"Who knoweth not in all these that the hand of the Lord hath wrought this?
"In whose hand is the soul of every living thing, and the breath of all mankind."
With these there was a paper containing the following inscription:
Societatis Historiae Naturalis apud Belfastam
Sociis, aliisque multis scientiae faventibus
qui ad hoc opus pecuniam contulerant:
GEORGIUS AUGUSTUS CHICHESTER
MARCHIO DE DONEGALL
IV. Non Maias
Rege Augustissimo Georgio IV.
Annum Regni XI.
Thomas J Duff, J. Jackson, Architectis; J. Johnston, Redemptore.
The intention of the verses from the Bible, in so many languages is, that after the lapse of many centuries they may possibly serve like the Rosetta stone of Egypt, to unlock the mysteries of languages and books then no longer spoken or understood.
The building, which is now completed, is situated on the north side of College square. In the lower story are two apartments intended for a lecture-room and library. Each of the upper stories consists of a single room, forty-seven feet in length, and twenty-seven feet broad, both of which will be exclusively devoted to the purposes of a public museum. A chemical laboratory will be attached to the lecture room at no very distant day. The annual expenditure necessary to the support of the institution will be defrayed by the Natural History Society.
On the occasion of the first meeting of this interesting body in the present session, which was held on the 20th of October last, an address was delivered at the request of the society's council by the Rev. J. D. Hincks, M.R.I.A. In commencing it, he took occasion to notice the facility with which knowledge may now be acquired, contrasted with the difficulties which formerly retarded its acquisition; then dwelt on the humble commencement of this Natural History Society, when it consisted of only eight members; and, after touching on some of the different steps by which its progress had been marked, dwelt at considerable length on the vast range of objects which the science embraces, and the elevated pleasure which it affords.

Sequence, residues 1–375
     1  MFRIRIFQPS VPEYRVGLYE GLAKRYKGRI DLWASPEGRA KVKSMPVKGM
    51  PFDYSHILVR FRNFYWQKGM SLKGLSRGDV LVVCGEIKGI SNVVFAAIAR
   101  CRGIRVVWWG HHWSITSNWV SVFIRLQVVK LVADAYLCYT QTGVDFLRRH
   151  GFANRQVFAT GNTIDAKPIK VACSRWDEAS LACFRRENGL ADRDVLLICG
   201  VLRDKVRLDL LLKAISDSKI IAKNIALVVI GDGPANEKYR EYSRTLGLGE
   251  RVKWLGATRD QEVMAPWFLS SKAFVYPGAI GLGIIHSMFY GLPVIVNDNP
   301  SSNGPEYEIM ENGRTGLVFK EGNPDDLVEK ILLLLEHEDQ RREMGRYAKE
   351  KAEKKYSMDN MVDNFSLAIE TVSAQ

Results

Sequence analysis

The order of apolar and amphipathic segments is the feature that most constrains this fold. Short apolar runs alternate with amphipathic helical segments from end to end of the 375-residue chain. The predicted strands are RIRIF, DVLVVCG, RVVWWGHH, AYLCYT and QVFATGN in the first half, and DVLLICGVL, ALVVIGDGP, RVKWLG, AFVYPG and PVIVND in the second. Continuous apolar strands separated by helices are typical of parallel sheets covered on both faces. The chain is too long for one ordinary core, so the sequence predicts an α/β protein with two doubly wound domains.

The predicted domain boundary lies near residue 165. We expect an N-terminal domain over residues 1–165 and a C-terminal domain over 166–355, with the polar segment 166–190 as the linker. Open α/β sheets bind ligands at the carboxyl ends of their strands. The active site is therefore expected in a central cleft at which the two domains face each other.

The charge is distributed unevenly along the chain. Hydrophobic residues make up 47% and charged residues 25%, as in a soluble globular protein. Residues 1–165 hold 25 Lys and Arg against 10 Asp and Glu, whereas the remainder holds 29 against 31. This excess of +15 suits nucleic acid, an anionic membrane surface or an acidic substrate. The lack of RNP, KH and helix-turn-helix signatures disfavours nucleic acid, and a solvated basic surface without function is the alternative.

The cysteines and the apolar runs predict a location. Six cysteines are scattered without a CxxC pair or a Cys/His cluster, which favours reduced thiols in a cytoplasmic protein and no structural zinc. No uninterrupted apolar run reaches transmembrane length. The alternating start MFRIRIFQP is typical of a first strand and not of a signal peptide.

THE BELFAST MUSEUM IS THE FIRST EVER ERECTED IN IRELAND BY VOLUNTARY SUBSCRIPTION, and it has our warmest wishes for its durability and success. We have marked the progress of the society to which it owes its origin with deep admiration, and we have sincere pleasure in placing it before the public as an example worthy of imitation, and deserving of national applause.
Charlotte Milligan Fox, sister of the poet Alice Milligan, was a founding member of the Irish Folk Song Society and an indefatigable field collector of Irish traditional music. Her singularly important work on Irish haprers is here presented for the twenty-first century reader. This edition of Annals offers a much greater number of illustrations than were included in the original 1911 publication, a full biographical introduction, an extensive bibliography of the writings of Milligan Fox and an appendix discussing the variant texts of Arthur O’Neills Memoirs.